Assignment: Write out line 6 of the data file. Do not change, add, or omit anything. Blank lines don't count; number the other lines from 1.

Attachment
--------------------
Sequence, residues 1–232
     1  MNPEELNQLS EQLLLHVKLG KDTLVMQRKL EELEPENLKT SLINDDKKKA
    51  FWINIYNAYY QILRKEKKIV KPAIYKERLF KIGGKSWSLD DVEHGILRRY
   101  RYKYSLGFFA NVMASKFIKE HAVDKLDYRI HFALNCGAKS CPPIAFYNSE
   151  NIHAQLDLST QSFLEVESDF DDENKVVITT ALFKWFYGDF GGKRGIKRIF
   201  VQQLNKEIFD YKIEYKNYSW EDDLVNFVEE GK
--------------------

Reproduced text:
   201  VQQLNKEIFD YKIEYKNYSW EDDLVNFVEE GK